He that blesseth his friend with a loud voice, rising early in the morning, it shall be counted a curse to him.
When is a blessing a curse? When it is flattery! Pay no attention to excessive blessings, compliments, or praise. It is actually a curse, for there is a false or foolish motive behind it (Pr 26:24-28; 29:5). The person has already deceived you, or he is about to deceive you. Godly men are not moved by flattery, nor do they manipulate others with flattery.
The man here praises his friend with a loud voice. What does this sound level tell you about him? It indicates an insincere display rather than a holy and noble compliment. He intends for the friend and others also to hear the blessing. The loud praise is excessive, because it is flattery. His blessing is for other than friendly and sincere encouragement.
He rises early in the morning to praise his friend. What does this timing tell you about the blessing? It indicates a compliment and praise out of place and proportion, for there are other more important things to be done in the morning. The untimely praise is excessive, because it is flattery. His blessing is for other than friendly and sincere encouragement.
The flattery here is between friends. If an enemy used a loud voice early in the morning to praise you, it would be easy to know it was false and dangerous (Ps 5:8-10). But when it is between friends, it is much harder to see its danger (Pr 29:5). Wise men, who value sober warnings, will steel themselves against excessive compliments, even from friends.
God hates flattery. Flattery is a compliment or praise to get another person to believe or do something wrong. It is a trait of depraved men (Ps 5:9). Whores use it to seduce men (Pr 6:24; 7:21), and Israel used it to secure God’s deliverance from enemies (Ps 78:34-37). God will cut off all flatterers and blind their children (Job 17:5; Ps 12:1-3)!
Good men will not give flattering titles to men (Job 32:21-22), though very popular in religion (Matt 23:6-12). Some ministers use “Reverend” or “Father” to obtain flattery from others. Paul never used flattery when in Thessalonica, which is quite contrary to the manipulating and stroking teachers so popular today (I Thess 2:5). True ministers will not flatter: they will name sins, name names, and take no prisoners (II Cor 10:4-6)!
In a marketing era, image is more important than content, appearance than performance, and perception than reality, so it is easy to approve flattery. Sanguines have the temperament for it; salesmen are taught to do it. Rather than objectively present a product by its factual merits, they promote things with loud flattery and feigned friendliness. Compliments from a salesman about any personal matters are manifestly insincere.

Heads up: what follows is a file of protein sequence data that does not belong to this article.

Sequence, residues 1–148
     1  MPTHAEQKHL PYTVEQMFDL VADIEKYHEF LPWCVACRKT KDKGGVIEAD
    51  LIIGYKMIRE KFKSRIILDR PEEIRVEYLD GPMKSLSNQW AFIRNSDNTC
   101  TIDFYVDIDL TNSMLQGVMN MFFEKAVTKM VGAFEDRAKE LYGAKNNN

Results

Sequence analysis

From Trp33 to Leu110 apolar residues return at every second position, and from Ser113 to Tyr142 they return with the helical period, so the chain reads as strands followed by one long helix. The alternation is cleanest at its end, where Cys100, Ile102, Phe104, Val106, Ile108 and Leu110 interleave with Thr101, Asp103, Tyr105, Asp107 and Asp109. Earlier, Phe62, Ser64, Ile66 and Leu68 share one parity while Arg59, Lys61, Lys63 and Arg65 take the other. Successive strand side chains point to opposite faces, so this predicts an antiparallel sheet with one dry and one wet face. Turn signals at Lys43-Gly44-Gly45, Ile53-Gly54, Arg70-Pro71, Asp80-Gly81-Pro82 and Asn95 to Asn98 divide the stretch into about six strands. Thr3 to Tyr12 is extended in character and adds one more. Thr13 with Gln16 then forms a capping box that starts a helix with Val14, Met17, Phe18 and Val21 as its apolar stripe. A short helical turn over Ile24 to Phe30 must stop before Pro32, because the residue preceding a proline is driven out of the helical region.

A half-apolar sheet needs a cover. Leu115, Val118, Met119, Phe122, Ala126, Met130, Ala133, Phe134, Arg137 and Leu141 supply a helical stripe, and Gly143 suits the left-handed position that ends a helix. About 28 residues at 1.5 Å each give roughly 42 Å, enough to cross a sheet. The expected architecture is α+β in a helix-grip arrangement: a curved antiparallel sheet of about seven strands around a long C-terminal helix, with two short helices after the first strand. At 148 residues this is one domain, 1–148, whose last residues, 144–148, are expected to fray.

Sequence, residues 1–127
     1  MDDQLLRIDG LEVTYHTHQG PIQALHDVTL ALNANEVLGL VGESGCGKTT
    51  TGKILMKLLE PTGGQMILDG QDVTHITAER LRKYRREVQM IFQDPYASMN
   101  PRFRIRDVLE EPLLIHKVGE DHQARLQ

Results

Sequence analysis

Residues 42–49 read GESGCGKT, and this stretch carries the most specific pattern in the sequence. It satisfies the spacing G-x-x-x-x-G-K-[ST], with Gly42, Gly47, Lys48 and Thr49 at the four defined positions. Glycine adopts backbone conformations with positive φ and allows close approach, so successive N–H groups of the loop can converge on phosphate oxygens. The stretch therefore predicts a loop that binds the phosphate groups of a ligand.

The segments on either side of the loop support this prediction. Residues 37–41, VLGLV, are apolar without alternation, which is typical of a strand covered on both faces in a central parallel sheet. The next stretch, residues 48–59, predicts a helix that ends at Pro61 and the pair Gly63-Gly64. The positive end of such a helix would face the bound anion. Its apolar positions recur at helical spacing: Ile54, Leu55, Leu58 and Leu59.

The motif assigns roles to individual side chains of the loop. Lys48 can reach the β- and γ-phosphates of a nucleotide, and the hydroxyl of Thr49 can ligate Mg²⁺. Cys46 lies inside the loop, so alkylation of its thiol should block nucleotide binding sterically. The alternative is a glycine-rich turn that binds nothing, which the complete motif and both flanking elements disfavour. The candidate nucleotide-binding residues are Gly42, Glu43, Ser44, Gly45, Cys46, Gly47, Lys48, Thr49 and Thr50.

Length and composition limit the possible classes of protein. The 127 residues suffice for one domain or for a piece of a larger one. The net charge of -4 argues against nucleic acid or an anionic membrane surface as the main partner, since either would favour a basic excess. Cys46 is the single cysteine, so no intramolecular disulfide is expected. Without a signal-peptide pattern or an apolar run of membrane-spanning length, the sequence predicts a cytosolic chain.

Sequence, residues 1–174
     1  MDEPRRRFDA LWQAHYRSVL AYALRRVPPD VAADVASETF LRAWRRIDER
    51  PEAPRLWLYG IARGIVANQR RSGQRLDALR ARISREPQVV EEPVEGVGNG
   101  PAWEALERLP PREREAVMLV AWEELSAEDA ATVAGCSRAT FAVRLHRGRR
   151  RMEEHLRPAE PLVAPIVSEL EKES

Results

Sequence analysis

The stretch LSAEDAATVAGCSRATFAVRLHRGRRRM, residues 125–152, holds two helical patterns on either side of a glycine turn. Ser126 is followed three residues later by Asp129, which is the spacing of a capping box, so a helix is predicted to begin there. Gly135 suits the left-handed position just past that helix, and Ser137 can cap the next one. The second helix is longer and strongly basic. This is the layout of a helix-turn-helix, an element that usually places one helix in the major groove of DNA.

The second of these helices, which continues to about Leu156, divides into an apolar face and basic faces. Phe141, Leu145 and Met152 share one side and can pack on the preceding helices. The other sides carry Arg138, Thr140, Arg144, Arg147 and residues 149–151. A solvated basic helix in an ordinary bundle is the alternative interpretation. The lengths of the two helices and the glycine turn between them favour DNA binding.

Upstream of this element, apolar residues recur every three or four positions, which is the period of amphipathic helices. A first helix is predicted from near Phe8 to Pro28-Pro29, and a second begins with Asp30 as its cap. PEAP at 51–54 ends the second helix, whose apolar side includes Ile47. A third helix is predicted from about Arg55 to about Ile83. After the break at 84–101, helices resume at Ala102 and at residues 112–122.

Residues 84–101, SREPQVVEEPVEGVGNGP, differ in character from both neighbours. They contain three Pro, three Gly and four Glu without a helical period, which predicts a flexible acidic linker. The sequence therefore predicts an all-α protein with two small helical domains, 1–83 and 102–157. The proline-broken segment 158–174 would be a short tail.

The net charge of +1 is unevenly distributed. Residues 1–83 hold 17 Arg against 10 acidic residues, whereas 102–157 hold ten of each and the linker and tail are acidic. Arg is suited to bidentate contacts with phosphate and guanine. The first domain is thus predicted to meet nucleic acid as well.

Talk is cheap. Wise men ignore most bad things said about them (Eccl 7:21-22), and they ignore all good things said about them (Pr 27:14,21). One act of true kindness is more meaningful than many exuberant blessings. Correction and rebuke are far more valuable for prosperity and success than any compliment. It is a duty for saints to think soberly of themselves, but this is hard to do, if you enjoy the praise of men (Pr 29:5; Rom 12:3).
Saul flattered David by offering him his two daughters, intending to use the bait to kill him by the Philistines (I Sam 18:17-25). Absalom flattered the men of Israel to steal their loyalty from his father David, king of Israel (II Sam 15:1-6). The citizens of Tyre and Sidon flattered Herod, but God had him eaten by worms for accepting it (Acts 12:21-23).
All praise is not sin. Praise to get a person to believe or do something wrong is sin. Jesus commended His disciples (Luke 22:28). Paul mentioned a fellow believer, who was praised in all the churches (II Cor 8:18). Paul praised Corinth (I Cor 11:2). Paul praised Timothy (Phil 2:19-22). Paul listed many men and women for honor and praise in the churches (Rom 16:1-15). And both husband and children will praise the virtuous woman for her diligent and noble efforts (Pr 31:28-31). Subversive praise, or flattery, is sin.
Praise severely tests a man’s character (Pr 27:21). Most men are vulnerable to flattery, from men or women; they believe the praise is true, and they will compromise to get more of it (Pr 29:5). But a wise man will prefer the rebuke of a sincere friend above the kiss of an enemy (Pr 27:5-6). Jesus, the greatest example for you, did what He could to hinder praise and popularity (Mark 7:36). Make efforts to soon forget compliments but to well remember correction – the latter is far better for your perfection than the former.